President Biden Recognizes Atrocities Against Armenians As Genocide

The Armenian Missionary Association of America welcomes President Biden’s statement recognizing the Armenian Genocide.

God will bring into judgment both the righteous and the wicked, for there will be a time for every activity, a time to judge every deed. Ecclesiastes 3:17

Marking the 106th Anniversary of the Armenian Genocide perpetrated by the Ottoman Turks, US President Joe Biden, following his campaign promise, officially issued a statement on April 24, 2021, recognizing the atrocities and calling the massacres of one and a half Armenians as Genocide. Indeed, President Biden’s statement complements the recognition by the US House of Representatives and Senate of the Armenian Genocide in the fall of 2019.

The crime of genocide does not adhere to any statute of limitations. With this acknowledgment, we have now entered a new phase of struggle towards our quest for justice, be it for the crime committed a century or a year ago. We thank President Biden for his courageous moral stance on the Armenian Genocide and trust that God will deliver justice for the crime of the ‘murder of a nation’.

We invite all other nations who have not yet recognized the Armenian Genocide to step up on the moral ladder, follow the example of President Biden and courageously call the annihilation of one and half million Armenians during World war I; the first Genocide of the twentieth century.

Thank you President Biden for your courage and superb moral standard.

Statement by President Joe Biden on Armenian Remembrance Day
April 24, 2021

Each year on this day, we remember the lives of all those who died in the Ottoman-era Armenian genocide and recommit ourselves to preventing such an atrocity from ever again occurring. Beginning on April 24, 1915, with the arrest of Armenian intellectuals and community leaders in Constantinople by Ottoman authorities, one and a half million Armenians were deported, massacred, or marched to their deaths in a campaign of extermination. We honor the victims of the Meds Yeghern so that the horrors of what happened are never lost to history. And we remember so that we remain ever-vigilant against the corrosive influence of hate in all its forms.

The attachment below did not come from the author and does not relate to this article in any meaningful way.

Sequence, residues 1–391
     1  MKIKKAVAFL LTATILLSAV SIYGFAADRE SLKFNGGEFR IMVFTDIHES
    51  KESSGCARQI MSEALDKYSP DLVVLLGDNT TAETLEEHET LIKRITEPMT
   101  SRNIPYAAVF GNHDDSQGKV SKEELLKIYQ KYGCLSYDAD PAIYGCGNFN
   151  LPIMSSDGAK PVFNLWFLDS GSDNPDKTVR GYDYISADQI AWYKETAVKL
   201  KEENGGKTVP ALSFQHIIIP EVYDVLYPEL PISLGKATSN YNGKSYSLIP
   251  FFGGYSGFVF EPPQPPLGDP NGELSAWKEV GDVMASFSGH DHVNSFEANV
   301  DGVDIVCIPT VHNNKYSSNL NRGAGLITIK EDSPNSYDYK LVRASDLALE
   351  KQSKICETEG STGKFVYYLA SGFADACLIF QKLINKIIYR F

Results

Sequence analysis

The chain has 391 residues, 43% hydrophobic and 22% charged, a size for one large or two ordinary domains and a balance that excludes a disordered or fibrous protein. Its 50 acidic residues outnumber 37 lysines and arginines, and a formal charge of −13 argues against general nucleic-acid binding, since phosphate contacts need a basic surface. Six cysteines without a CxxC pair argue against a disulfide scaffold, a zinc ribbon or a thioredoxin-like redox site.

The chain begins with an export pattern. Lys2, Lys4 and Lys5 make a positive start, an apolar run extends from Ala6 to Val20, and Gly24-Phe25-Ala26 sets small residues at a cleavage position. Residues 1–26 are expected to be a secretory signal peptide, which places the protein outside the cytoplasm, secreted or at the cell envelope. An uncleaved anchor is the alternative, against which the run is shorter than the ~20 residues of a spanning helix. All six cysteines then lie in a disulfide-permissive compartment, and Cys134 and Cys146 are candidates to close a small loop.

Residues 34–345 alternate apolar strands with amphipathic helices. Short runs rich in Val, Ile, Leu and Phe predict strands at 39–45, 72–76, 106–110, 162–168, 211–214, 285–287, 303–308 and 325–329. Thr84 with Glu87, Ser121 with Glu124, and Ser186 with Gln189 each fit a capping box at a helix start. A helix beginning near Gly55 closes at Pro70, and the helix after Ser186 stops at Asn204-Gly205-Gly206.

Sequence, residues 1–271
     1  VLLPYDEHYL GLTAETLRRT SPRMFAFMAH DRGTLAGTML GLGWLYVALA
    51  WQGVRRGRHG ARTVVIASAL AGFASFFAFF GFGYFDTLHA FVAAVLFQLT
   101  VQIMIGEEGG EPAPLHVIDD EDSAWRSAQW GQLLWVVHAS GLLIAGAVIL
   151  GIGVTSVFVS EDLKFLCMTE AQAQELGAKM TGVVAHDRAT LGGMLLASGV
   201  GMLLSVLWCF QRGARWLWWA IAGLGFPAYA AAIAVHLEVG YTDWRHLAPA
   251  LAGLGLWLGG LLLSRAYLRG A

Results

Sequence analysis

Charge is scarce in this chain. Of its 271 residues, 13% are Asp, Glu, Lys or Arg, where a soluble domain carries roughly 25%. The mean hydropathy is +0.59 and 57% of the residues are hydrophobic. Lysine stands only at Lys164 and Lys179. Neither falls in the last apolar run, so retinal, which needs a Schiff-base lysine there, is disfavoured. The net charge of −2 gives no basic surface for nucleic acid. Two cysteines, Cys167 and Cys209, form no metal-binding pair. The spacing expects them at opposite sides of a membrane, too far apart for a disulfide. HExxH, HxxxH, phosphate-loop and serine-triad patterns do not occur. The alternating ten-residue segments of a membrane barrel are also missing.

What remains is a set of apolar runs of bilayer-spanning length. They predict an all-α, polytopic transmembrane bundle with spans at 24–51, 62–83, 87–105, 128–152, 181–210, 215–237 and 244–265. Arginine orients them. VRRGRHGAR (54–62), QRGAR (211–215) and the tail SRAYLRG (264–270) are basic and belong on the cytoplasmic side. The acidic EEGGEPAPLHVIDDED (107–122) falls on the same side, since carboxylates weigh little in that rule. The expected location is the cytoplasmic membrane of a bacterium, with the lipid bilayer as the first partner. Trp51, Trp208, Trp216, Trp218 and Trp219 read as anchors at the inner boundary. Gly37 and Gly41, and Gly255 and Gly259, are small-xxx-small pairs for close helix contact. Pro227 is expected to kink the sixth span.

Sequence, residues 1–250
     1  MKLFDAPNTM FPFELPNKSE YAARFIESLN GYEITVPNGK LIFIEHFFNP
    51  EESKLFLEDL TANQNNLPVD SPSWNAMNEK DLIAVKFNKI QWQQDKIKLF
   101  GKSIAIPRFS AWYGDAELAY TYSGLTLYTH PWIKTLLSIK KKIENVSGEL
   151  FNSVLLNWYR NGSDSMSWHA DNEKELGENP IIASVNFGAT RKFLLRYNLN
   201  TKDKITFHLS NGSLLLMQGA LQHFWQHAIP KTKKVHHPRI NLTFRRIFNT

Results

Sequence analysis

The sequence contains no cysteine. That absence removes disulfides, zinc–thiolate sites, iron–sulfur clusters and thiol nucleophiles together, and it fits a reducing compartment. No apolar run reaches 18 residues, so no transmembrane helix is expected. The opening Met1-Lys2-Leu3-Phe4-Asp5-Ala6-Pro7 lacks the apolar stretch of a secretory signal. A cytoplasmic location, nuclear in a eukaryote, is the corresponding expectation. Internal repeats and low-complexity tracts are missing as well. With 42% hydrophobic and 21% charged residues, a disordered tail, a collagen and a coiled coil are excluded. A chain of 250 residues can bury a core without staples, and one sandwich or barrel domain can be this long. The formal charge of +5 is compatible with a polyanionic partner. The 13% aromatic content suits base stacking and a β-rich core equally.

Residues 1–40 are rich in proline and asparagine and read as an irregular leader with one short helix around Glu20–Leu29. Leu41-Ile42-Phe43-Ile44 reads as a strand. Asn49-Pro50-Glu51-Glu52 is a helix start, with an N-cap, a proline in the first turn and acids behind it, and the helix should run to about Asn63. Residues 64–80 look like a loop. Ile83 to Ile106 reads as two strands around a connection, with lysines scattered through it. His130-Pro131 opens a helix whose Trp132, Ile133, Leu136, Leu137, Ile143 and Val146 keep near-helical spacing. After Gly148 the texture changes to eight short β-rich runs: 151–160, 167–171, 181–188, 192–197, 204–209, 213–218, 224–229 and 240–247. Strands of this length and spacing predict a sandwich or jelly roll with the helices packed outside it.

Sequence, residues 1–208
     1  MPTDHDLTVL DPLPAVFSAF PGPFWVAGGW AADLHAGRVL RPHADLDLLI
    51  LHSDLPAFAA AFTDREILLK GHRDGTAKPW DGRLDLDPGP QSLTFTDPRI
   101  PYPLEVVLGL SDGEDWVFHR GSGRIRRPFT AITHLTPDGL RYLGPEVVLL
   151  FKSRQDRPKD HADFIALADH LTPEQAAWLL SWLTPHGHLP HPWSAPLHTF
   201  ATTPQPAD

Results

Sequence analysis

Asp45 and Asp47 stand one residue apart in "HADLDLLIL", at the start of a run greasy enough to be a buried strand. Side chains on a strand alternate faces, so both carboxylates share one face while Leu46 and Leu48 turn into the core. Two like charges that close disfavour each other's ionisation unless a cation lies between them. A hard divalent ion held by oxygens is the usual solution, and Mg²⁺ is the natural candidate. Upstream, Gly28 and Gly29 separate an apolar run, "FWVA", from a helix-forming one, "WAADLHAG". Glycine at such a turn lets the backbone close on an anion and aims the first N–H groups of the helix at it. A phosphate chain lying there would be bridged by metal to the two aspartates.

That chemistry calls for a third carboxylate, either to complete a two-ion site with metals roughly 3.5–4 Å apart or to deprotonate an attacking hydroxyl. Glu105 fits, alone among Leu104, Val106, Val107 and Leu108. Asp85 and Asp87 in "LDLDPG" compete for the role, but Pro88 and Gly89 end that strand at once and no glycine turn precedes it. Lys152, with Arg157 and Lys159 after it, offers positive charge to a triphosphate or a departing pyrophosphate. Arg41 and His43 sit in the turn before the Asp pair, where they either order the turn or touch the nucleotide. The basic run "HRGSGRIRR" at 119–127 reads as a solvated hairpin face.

Of those who survived, most were forced to find new homes and new lives around the world, including in the United States. With strength and resilience, the Armenian people survived and rebuilt their community. Over the decades Armenian immigrants have enriched the United States in countless ways, but they have never forgotten the tragic history that brought so many of their ancestors to our shores. We honor their story. We see that pain. We affirm the history. We do this not to cast blame but to ensure that what happened is never repeated.

Today, as we mourn what was lost, let us also turn our eyes to the future—toward the world that we wish to build for our children. A world unstained by the daily evils of bigotry and intolerance, where human rights are respected, and where all people are able to pursue their lives in dignity and security. Let us renew our shared resolve to prevent future atrocities from occurring anywhere in the world. And let us pursue healing and reconciliation for all the people of the world.

The American people honor all those Armenians who perished in the genocide that began 106 years ago today.